Heckroth Industries

How tough is a flash drive?

Back when I first started using computers (Oric Atmos and ZX Spectrum) everything was stored on cassette tapes (C15, C60, C90, etc ). They weren’t the most reliable way to store data and there was a definite black art involved in retrieving data stored on them, though a volume of 7 is a good place to start.

When I started using computers at school (BBC Micros) their data was stored on 5.25 inch floppy disks and later on a network drive (50 machines all sharing a 10MB hard disk). They were easier to retrieve data from, though don’t leave the 5.25 floppy disks in the sun for too long or they wouldn’t stay flat.

Later on in life I started using PCs (286,386,486 and pentiums) at school/college which used a 3.5 inch floppy disk to store 720KB, which later on increased to 1.44MB. At home I moved onto an Amiga 500 and later an Amiga 1200 (A1200), both of which used 3.5 inch floppy disks (880KB), and a 120MB Hard disk in the case of the A1200. These were again more reliable and I have actually still got a large collection of 3.5 inch disks to use with my A1200.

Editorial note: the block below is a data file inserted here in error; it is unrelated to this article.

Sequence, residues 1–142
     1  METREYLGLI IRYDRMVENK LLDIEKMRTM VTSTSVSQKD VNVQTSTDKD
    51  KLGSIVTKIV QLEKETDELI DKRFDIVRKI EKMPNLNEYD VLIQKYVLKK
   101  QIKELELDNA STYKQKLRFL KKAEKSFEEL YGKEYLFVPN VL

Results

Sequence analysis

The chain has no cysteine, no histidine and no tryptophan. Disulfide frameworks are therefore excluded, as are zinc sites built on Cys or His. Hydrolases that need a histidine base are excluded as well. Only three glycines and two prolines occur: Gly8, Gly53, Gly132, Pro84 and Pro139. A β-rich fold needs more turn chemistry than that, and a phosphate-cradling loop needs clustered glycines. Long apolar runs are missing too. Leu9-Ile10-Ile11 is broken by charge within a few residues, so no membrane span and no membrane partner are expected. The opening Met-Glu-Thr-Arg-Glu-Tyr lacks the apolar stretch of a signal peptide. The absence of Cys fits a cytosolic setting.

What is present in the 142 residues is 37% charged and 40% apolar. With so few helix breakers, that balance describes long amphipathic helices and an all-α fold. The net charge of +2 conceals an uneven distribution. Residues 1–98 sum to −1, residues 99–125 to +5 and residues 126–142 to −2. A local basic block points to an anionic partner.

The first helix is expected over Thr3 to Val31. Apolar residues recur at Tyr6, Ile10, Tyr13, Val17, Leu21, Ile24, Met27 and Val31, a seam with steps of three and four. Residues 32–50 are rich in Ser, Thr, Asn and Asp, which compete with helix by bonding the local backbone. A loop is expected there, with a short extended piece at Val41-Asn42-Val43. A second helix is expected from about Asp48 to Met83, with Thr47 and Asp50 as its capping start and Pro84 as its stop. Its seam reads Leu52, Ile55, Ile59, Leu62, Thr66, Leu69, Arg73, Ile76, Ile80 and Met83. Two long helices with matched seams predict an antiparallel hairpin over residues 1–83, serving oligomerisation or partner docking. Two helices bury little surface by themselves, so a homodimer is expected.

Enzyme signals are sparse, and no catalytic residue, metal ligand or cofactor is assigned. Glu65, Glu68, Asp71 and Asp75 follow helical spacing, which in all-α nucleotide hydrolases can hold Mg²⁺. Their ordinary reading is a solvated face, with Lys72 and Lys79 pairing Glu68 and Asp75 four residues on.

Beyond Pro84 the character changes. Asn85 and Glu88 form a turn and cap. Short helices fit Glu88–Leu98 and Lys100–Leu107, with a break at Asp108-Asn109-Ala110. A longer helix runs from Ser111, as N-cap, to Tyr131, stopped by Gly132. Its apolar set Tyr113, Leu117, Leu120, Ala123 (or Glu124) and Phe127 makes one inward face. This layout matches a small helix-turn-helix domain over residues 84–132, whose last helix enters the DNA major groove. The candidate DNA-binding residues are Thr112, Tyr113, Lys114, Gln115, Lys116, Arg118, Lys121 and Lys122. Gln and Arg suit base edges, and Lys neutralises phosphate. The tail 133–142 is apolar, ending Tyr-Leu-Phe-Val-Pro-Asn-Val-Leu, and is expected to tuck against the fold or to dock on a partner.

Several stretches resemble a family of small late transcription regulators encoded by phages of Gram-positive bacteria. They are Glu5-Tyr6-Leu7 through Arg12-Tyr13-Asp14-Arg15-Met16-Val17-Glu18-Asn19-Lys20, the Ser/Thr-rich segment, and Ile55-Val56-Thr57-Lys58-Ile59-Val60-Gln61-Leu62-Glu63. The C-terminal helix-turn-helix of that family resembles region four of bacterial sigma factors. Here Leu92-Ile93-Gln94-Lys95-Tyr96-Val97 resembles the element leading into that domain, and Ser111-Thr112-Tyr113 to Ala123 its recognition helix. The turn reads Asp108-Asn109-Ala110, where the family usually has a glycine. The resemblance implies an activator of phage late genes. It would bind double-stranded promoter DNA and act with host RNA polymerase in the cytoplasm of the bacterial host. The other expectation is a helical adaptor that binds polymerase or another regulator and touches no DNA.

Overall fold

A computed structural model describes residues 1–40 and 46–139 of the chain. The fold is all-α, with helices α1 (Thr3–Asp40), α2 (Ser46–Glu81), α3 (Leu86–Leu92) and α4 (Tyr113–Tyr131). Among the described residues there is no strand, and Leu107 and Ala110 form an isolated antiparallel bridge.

From then on I used 3.5 inch floppy disks until USB flash drives came along. OK, sometimes I would use CDs but not for storing files I was working on, just for archiving data onto.

So why am I talking about the history of my data storage. Well I haven’t had any storage medium in the past that would have survived what I put one of my flash drives through the other day. It was an old one that I use to write ISOs to for booting rather than writing a CD, just 1GB of storage. I had put MemTest86+ on it to test the memory of my new media center PC. Needless to say that afterwards it ended up in my trouser pocket and the next night I put those trousers into the washing machine and gave them a hot wash. When I was taking out the washing there was my flash drive sat in the drum having been washed and spun.

Personally I had at that point written the drive off, I know they are tough but I didn’t expect it to survive that. I let it dry then plugged it into my computer and rebooted, the boot menu had the flash drive as an option so I selected it. MemTest86+ started up and started running. It looks like that flash drive is a lot tougher than I thought.

Retro Hardware
Jason — 2011-05-11